Evaluating Barriers to SNAP/EBT Acceptance in Farmers Markets: A Survey of Farmers
Keywords:Farmers, Farmers Markets, SNAP, Supplemental Nutrition Assistance Program, Barriers, EBT, Electronic Benefits Transfer, FMA, Farmers Market Authority, Senior Farmers Market Nutrition Program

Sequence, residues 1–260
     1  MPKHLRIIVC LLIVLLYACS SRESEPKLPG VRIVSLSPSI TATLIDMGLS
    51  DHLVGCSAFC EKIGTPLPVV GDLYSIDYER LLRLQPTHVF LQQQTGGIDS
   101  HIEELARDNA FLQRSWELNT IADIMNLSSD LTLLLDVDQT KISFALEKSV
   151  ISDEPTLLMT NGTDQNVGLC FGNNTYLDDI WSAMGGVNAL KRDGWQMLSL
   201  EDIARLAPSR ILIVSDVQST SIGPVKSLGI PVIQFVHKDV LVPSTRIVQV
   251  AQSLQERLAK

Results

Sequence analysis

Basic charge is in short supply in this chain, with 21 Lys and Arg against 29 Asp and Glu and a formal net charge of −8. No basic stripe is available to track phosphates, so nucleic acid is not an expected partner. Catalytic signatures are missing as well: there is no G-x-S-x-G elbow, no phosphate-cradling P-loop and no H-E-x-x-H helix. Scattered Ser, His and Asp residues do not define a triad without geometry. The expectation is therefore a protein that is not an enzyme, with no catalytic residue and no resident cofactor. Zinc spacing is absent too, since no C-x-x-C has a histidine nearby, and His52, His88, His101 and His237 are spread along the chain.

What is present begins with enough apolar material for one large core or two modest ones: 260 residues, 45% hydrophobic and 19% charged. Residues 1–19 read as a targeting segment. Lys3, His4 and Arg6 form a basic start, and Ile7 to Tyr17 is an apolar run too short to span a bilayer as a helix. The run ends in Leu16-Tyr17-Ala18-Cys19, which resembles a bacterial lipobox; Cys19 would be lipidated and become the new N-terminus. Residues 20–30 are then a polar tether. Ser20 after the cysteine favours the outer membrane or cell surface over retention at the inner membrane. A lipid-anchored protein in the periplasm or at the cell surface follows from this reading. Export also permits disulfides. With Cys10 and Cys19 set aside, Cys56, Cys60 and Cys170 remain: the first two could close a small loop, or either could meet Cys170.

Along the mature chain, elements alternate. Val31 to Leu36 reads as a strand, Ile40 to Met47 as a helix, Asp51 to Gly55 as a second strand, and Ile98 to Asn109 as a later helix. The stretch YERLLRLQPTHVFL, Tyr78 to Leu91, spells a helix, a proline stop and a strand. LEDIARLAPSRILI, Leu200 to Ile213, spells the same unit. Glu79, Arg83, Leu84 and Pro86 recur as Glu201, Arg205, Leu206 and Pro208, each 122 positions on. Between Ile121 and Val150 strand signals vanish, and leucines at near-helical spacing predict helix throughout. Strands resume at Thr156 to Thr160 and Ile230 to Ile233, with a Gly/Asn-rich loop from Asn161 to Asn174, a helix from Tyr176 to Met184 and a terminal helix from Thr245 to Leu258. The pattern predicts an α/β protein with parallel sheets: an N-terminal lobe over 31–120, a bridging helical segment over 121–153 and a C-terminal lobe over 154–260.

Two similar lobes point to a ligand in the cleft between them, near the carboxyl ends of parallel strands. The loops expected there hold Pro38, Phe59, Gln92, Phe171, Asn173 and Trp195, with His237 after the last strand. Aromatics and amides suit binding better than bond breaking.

Farmers play a critical role in increasing access to and affordability of fruits and vegetables in low-income communities by accepting Supplemental Nutrition Assistance Program (SNAP) benefits at farmers markets. However, only 40% of farmers markets nationally accept SNAP benefits. This study evaluates barriers farmers perceive in accepting SNAP in farmers markets. We recruited 134 farmers using convenience sampling from six pre-season regional growers meetings hosted in Alabama; 92 farmers met inclusion criteria and completed the anonymous, 51-question survey. The survey measured demographics, perceived barriers and promotional opportunities within constructs of the Social Ecological Model (SEM). We used descriptive statistics to summarize characteristics, and chi-square, Mann-Whitney U and t-tests to analyze differences in characteristics between those farmers who accept SNAP and those who do not. The most frequently cited barriers to SNAP acceptance included lack of internet access, increased burden for processing payments, increased need for bookkeeping, limited availability of information about the application process and payment system, limited support from the market for completing the application, a small customer base and limited number of SNAP clientele. Comparative analyses revealed statistically significant differences in demographics and perceived barriers between those who accept SNAP and those who do not. Findings from this study provide a more in-depth understanding of challenges farmers face in accepting SNAP. These can be addressed through education, policy, systems and environmental solutions at various levels of the SEM to overcome barriers to SNAP acceptance, ultimately increasing access to and affordability of fruits and vegetables for low-income communities.
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